It also shines a light on the influence of sustainability on corporate strategy. It is well established that rail transport is the most efficient form of surface transportation. (I looked at passenger rail transport in a previous blog post.) Beyond that, BNSF has for years been pursuing a green strategy.
The company has for years been working to improve the energy efficiency of its operations and has achieved a 7.7% increase in fuel efficiency since 1999. It has deployed a variety of clean and energy efficient technologies, some of them experimental, in its trains and in its cargo facilities. It claims, for example, to be the first rail carrier in North America to use zero-emissions electronic wide-span cranes at some of its intermodal facilities. In 2007, BNSF became the first railroad to pilot the use of low-emissions, natural-gas hostler trucks to move containers at their Los Angeles Hobart Intermodal facility. BNSF is the first railroad in the world to develop an experimental hydrogen fuel cell switch locomotive.
The company has also been assiduous about engaging with business groups and non-profits on issues of climate change and sustainability. It voluntarily reports its greenhouse case emissions to the Carbon Disclosure Project and the Business Round table. The Carbon Disclosure Project ranked the company second in the Global 500 industrials category of its Carbon Disclosure Leadership Index, with a score of 85 out of a possible 100.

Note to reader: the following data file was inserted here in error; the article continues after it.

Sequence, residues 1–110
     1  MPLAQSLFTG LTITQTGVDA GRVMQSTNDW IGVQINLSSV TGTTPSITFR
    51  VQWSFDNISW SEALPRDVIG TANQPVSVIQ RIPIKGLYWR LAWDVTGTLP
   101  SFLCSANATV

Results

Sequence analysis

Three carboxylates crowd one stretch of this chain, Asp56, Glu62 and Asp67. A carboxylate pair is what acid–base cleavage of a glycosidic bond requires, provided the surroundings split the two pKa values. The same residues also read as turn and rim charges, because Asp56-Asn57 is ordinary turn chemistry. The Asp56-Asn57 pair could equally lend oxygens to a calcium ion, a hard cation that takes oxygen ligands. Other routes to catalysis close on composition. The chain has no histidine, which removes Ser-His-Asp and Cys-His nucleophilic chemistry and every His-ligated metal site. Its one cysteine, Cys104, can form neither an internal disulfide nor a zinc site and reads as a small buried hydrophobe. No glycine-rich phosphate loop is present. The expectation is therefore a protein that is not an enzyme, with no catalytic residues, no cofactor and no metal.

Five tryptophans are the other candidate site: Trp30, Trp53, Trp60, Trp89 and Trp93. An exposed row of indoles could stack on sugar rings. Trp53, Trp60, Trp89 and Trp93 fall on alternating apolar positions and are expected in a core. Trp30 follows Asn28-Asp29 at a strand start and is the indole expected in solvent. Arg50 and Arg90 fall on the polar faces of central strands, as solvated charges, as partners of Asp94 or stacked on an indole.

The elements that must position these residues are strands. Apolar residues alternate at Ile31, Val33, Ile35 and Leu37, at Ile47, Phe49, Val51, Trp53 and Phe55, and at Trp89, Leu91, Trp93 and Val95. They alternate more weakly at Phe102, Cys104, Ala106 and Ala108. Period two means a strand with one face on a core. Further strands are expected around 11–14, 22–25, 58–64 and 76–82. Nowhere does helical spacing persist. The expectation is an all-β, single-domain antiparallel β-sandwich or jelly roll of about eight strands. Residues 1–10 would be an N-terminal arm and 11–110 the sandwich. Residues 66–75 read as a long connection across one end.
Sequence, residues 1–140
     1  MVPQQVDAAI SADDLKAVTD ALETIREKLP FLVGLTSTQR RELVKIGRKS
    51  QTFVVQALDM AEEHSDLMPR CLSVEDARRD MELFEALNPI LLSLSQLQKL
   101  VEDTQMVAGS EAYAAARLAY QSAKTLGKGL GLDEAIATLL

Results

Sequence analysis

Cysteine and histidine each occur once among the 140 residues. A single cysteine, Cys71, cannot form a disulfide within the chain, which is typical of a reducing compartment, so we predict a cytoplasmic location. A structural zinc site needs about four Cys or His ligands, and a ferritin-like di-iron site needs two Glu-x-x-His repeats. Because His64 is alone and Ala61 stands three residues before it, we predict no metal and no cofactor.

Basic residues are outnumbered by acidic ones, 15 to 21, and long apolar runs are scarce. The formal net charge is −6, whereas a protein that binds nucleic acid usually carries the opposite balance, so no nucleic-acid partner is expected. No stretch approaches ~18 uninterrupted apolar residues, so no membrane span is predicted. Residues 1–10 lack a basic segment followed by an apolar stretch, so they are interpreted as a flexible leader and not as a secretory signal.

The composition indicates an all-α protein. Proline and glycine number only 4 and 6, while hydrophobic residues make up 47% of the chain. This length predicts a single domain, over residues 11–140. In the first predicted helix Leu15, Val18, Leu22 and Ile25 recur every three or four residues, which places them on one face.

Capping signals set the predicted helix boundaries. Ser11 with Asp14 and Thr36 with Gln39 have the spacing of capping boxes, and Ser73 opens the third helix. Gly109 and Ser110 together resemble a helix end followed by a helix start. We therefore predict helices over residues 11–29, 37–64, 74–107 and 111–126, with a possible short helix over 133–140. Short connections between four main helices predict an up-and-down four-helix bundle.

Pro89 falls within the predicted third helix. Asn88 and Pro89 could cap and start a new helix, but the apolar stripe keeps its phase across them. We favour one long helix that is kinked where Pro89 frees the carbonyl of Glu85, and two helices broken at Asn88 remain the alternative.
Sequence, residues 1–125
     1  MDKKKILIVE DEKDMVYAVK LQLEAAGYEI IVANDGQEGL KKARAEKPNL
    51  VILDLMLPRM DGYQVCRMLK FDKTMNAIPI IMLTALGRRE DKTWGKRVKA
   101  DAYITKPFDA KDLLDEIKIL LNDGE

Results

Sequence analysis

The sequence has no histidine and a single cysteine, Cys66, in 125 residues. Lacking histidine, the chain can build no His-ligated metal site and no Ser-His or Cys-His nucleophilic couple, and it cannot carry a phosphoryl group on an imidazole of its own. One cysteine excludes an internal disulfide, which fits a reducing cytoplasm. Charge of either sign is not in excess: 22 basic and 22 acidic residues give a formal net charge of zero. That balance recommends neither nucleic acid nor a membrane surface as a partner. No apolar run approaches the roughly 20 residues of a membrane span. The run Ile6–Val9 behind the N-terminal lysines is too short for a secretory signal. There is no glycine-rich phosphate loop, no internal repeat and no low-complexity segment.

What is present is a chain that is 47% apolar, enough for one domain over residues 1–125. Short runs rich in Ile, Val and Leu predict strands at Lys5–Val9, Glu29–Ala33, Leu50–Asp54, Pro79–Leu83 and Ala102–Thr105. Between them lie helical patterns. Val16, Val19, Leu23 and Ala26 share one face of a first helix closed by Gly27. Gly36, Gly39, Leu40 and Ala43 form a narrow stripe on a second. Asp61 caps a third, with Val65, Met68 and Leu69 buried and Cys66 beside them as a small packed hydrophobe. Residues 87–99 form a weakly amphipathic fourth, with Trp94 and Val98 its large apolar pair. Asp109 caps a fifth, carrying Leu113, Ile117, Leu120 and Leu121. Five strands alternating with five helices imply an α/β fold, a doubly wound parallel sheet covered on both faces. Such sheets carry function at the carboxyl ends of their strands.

And Goldman Sachs singled the company out earlier this year in a report I wrote about that looked at the impact of climate changes on investment strategy and company performance. According to the Goldman report, BNSF ranks in the 90% percentile of the road and rail sector in return on capital, and gets the top climate change score. As Goldman Sachs has pointed out, while climate change may reduce demand for freight-intensive products it will increase the value of energy- and carbon-efficient transport.
Clearly many factors were behind Buffet’s decision to buy the railroad (including, he said, the fact that his father never got him a train set as a kid). But the company’s leadership position in climate change strategy and sustainability did not hurt.
What do you think?